Mortgage fraud flourishes in down markets
Sometimes it's the borrower's fault, and sometimes it's the real
estate agent or the lender, both of whom are paid on commission and may have taken
a big income hit with the real estate downturn, says Patricia Yamato, president
of the Florida Association of Mortgage Brokers. But the bottom line is that if
the borrower signs a mortgage application and knows the information on it isn't
true, everyone is responsible.
"What I'd like to say to
a consumer," Yamato says, "is to take
responsibility for homeownership yourself. You
look at those payments and you know if you can
afford it or not. If someone tries to tell you
it's OK to tell some kind of a lie, it's not
right. That person is putting you in trouble.
This is federal law, and there is no parole
in a federal crime. It's something borrowers
really need to think about."
sellers becoming more desperate to unload their properties, they also can be easy
targets for fraudsters like those who nearly took over Fulmer's neighborhood.
When someone offers to buy a house for more money than the seller is asking, it's
hard to turn it down when it's been sitting on the market for months. But it should
raise serious concerns, especially if the buyer wants the seller to "refund"
the difference between the asking price and the sale price after the closing,
or adds money for repairs the seller knows aren't necessary.
Unfortunately, with the recent cooling of the real estate
market, mortgage fraud investigators predict that the number of cases will increase.
Fraudsters are preying on people who took out adjustable rate mortgages to get
into a house and are now facing foreclosure as their rates reset and they can
no longer afford their payments.
Homeowners who are having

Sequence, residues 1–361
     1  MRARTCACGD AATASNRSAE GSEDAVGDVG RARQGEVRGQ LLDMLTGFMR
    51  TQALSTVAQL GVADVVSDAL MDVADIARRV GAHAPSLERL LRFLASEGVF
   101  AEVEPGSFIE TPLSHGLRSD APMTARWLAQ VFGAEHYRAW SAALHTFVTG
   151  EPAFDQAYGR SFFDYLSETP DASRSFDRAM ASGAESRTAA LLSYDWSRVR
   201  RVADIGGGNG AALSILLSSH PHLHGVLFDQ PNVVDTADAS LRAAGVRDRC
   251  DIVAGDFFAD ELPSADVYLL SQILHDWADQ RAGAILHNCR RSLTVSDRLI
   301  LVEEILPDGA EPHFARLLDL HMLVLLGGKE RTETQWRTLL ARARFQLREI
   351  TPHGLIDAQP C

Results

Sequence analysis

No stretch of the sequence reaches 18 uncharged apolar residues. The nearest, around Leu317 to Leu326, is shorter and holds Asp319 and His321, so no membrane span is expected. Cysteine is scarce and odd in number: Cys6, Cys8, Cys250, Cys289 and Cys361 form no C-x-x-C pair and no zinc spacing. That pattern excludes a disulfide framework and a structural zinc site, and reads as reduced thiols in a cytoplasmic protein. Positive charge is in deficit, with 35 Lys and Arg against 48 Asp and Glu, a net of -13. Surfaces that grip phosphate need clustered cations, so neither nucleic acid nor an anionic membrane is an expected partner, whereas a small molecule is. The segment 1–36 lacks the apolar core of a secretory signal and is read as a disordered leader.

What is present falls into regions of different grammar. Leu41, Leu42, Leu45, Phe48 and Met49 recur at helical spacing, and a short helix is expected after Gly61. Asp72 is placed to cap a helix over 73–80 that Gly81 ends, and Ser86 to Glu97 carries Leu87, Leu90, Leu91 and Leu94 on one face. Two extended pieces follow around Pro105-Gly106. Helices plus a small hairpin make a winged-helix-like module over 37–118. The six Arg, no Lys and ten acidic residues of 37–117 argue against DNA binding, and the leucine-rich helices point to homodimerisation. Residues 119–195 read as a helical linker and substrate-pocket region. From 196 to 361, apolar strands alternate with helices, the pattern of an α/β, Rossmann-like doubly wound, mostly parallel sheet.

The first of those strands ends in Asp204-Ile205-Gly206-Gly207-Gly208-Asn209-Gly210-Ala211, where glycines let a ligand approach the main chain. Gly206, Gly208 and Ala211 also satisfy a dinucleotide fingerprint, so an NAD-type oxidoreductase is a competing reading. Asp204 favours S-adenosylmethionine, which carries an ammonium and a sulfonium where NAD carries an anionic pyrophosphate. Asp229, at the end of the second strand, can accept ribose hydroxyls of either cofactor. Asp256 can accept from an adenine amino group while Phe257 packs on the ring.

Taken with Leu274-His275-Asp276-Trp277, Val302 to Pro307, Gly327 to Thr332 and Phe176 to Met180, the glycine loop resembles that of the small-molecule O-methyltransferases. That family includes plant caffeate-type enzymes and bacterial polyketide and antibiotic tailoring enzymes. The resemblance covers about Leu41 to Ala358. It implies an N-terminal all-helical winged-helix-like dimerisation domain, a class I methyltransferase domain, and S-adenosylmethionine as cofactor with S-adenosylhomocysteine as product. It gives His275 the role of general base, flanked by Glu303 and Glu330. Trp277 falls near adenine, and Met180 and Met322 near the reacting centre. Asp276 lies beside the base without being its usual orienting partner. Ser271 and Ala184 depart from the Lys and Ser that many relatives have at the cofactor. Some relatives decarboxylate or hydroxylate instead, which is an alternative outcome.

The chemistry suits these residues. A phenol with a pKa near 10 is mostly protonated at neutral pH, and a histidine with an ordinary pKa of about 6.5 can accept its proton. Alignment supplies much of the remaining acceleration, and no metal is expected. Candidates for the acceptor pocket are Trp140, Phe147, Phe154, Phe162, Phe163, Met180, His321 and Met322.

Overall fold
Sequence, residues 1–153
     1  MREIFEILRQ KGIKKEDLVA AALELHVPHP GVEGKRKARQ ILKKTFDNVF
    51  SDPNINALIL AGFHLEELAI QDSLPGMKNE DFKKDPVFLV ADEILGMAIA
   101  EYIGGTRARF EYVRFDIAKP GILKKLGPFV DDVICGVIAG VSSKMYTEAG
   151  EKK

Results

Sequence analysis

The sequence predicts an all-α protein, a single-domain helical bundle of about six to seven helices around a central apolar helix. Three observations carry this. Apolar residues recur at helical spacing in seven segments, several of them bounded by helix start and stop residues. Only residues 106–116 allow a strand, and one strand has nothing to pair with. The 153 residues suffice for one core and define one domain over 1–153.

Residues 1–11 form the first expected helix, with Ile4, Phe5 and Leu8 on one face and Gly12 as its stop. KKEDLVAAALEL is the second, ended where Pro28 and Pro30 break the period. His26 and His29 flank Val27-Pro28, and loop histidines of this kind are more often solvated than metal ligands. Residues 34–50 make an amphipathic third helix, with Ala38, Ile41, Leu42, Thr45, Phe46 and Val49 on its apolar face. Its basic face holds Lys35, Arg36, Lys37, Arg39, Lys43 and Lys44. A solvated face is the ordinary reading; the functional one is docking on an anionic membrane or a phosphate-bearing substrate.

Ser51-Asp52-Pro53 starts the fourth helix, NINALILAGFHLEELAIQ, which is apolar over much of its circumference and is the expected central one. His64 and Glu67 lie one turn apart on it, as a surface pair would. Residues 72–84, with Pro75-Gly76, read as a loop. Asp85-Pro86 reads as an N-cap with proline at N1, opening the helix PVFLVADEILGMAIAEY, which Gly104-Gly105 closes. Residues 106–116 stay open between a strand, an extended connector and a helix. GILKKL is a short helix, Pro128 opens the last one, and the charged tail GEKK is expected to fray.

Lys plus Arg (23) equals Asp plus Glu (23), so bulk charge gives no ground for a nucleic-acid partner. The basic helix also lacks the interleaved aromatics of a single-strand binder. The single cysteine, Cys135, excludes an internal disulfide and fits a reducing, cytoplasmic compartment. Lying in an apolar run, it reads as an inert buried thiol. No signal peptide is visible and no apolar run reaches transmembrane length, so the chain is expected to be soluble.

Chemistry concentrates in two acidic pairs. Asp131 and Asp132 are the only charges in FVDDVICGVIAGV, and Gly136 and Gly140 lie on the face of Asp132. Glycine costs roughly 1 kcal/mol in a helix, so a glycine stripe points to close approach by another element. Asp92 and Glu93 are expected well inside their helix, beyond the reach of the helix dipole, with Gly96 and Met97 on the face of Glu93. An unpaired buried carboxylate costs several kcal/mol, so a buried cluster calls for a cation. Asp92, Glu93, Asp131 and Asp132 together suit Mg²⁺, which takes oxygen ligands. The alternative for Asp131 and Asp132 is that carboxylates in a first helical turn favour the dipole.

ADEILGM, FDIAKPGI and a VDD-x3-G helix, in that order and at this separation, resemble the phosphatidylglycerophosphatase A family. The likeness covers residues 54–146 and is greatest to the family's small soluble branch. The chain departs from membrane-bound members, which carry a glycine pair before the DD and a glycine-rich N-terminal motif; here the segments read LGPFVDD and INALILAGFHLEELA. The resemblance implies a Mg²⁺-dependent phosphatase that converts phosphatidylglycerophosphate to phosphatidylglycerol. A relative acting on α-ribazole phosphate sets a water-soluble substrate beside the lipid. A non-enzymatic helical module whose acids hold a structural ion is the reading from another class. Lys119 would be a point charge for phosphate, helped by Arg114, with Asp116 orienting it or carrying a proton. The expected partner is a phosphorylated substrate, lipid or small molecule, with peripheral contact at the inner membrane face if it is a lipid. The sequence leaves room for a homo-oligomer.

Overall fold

financial trouble need to be very careful of cold calls or letters from people
who purport to be able to get rid of their debt, says Matt Schwartz, a New Jersey-based
CPA and certified fraud examiner. "Where consumers have to be really careful
is if someone comes to them and says, 'I know you're having trouble. I can help
you out; sign these papers,'" Schwartz says. "They're getting you to
sign over your property to them and they sell it."
advice: Never make any kind of deal over the phone or under pressure. Take any
papers to your attorney to review, and never sign any papers where information
is left blank.
One final word to borrowers who are tempted
to lie on mortgage applications, you're not doing yourself any favors trying to
qualify for a house you can't really afford. And there's probably another mortgage
out there that you would have qualified for.
may think the only way they can get into a property is to BS the bank all the
way through," says David Reed, president of CD Reed Mortgage Bankers of Austin,
Texas, and author of "Mortgage Confidential." "There are so many
programs out there. I've never met a borrower who couldn't get a mortgage."
Curry is a freelance writer based in Atlanta